While those solutions definitely bring the wow, they’re also adaptable and replaceable. “If you look closely at the design you will see that the permanent features are all fairly neutral, allowing for a cost effective renovation when the time comes,” says Hulbert. “We have stained concrete floors and neutral walls; even the major seating elements are in a neutral palette. The punch comes from smaller seating pieces and accessories in our signature colors (think wild shades such as orange and poppy aqua), items which are typically replaced more frequently.”
Light Me Up
Midscale doesn’t mean middle of the pack in 2018. Okay, so that’s not news in gateway cities, but head-turning design is slower to come to secondary and tertiary cities, as well as suburban markets. Hulbert wants to change that with GLō. “The brand focuses on a dramatic, iconic arrival experience, such as the bar-shaped exterior design that welcomes travelers with a beacon of light; streamlined, contemporary guestrooms that maximize space and feel; and stylish, cost-effective materials where furnishings serve dual functions and are designed for both leisure and business travelers,” she says.
The upcoming Aiden Hotel's guestroom punches up traditional elegance with witty, unexpected art.
Convincing developers to push the limits meant meeting them more than halfway. While the design process was all about high-octane creativity, dialed in slightly when absolutely imperative, the final product had to be easy on the bottom line and the eye. Illuminated elements inside and outside are a playful, memorable twist on the hotel’s name. A “center-loaded” bathroom design keeps just the essentials and is more economical. The building design can be scaled up a floor or two without losing its integrity; rooms can be added or subtracted to fit different footprints. Herman Miller desk chairs may be an investment piece, but consolidating the desk, luggage bench and drawers into a single unit balances the budget.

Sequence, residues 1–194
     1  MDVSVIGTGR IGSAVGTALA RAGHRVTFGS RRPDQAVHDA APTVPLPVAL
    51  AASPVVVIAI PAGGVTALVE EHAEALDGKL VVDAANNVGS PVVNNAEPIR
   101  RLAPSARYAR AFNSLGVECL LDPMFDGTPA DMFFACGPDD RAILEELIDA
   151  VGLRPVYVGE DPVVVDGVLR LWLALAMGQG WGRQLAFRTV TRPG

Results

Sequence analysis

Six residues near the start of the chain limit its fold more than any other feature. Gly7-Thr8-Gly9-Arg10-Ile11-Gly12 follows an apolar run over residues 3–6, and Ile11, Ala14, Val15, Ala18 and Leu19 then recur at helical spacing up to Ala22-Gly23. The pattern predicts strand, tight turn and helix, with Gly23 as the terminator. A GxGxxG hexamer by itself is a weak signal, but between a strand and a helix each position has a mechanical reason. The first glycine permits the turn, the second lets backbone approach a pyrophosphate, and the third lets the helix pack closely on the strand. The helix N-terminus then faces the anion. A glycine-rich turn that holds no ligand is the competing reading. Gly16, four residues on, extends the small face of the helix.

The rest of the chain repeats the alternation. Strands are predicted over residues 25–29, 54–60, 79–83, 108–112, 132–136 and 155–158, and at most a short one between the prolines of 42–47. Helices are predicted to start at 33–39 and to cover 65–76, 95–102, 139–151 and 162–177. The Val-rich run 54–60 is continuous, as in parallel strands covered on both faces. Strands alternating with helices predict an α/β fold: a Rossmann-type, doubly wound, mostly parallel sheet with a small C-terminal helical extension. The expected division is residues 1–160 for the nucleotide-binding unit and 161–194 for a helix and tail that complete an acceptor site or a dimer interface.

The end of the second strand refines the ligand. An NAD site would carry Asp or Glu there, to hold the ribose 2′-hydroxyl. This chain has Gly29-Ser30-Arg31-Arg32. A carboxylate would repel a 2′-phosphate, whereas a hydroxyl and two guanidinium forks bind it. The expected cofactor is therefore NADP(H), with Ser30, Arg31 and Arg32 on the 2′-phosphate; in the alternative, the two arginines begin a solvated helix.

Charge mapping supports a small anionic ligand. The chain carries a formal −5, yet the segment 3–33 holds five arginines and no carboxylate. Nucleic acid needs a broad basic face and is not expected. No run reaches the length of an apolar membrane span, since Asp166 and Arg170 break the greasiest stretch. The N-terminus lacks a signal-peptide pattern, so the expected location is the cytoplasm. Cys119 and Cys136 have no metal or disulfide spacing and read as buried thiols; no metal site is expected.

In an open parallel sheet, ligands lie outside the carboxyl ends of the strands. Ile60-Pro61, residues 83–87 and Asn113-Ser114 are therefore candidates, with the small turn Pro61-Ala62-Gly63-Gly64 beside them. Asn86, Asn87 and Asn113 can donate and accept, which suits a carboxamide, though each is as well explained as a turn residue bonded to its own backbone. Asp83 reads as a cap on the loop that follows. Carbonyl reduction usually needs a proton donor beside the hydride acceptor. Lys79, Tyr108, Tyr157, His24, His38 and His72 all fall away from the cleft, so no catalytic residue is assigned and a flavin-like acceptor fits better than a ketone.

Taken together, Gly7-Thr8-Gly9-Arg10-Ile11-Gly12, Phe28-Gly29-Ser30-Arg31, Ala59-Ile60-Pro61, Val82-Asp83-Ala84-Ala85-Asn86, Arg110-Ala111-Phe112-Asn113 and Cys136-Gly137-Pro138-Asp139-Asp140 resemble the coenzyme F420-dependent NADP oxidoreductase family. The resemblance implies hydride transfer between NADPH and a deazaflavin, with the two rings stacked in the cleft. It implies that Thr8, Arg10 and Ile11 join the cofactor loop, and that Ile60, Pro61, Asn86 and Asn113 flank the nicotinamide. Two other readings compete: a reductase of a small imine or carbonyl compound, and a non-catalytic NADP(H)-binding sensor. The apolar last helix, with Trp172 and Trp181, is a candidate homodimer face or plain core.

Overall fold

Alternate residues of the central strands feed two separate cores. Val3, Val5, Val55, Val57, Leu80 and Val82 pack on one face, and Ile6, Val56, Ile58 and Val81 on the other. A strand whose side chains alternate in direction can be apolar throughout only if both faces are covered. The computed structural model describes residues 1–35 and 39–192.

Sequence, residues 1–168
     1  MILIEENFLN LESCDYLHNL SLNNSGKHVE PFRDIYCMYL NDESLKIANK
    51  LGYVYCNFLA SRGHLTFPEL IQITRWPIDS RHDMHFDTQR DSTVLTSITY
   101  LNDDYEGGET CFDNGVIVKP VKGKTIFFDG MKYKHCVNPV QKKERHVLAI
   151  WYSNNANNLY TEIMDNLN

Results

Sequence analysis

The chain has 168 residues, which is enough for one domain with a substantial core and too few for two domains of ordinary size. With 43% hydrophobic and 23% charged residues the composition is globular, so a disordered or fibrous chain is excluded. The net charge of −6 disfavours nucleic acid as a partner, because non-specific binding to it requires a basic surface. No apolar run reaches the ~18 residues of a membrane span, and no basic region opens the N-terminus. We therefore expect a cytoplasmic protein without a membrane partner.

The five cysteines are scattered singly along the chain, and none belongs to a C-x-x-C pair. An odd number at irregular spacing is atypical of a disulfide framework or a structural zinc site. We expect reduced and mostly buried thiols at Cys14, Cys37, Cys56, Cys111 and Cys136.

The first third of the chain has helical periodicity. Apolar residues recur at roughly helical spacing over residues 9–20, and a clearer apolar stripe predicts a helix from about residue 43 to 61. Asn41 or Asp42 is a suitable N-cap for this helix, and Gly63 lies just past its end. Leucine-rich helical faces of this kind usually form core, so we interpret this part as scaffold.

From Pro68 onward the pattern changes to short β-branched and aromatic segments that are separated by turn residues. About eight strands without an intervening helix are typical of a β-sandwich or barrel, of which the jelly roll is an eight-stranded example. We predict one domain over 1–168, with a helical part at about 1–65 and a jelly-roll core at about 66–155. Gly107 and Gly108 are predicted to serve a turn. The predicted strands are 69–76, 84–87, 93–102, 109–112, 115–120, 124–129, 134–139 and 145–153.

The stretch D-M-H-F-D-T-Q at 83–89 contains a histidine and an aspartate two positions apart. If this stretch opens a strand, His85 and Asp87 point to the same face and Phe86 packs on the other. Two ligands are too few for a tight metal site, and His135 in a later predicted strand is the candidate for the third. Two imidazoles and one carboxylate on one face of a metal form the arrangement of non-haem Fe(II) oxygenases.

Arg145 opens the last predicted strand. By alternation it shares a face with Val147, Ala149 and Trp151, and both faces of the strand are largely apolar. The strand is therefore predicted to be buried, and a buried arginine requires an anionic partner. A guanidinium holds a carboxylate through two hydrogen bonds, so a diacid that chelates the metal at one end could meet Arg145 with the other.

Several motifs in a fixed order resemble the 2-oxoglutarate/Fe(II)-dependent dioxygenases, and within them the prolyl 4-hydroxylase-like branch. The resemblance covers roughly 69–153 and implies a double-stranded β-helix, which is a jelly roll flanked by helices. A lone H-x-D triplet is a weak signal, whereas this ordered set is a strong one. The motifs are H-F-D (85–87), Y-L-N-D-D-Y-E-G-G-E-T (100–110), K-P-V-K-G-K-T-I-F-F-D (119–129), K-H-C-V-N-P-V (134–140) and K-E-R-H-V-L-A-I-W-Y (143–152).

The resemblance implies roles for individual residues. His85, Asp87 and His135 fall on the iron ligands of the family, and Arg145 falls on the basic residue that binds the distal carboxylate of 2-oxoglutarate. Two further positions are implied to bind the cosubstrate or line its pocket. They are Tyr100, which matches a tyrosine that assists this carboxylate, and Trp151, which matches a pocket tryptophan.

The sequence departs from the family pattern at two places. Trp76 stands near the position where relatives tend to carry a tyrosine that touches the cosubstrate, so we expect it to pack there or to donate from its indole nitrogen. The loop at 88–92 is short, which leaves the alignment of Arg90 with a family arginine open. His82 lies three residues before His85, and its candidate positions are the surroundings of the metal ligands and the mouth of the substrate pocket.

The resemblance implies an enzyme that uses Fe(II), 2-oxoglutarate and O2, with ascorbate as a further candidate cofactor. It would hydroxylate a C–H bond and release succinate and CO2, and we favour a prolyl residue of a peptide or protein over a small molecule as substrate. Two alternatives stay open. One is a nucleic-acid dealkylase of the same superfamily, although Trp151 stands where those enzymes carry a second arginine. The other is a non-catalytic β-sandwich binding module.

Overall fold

Jumping into the crowded lifestyle sector in the crowded upper midscale and upscale, design-led space is tough. Already-established competitors from Marriott Intl. to Sydell Group have planted their flags on that new frontier. So, of course, Best Western plans to dive in headfirst with not one, but two, complementary offerings. The first Aiden Hotel recently opened in Seoul and a second property outside Paris will debut before the end of the year; Sadie Hotel has one outpost under construction in Tampa and a site secured in New York.
High drama is guests' intro to Vīb. Look closer, though, and it's clear this spaces is designed to move with changing times.
Once again, it’s sensitivity to the clients’ needs that Hulbert puts front and center. “Both Sadie Hotel and Aiden Hotel present the opportunity for independent hoteliers or developers with branded assets in their urban and suburban portfolios to reposition a property in a unique way. We offer a cost-effective, turnkey – yet very customized – design and renovation program. No cookie cutter designs here!” she says. While details are still scarce as of press time, expect to see the streamlining of services usual in boutiques in this space. In other words, goodbye check-in desks, hello in-your-face aesthetics.
For all of these offerings, the company’s spunky, unapologetic attitude permeates its journeys into new territory. Who wouldn’t want to get onboard?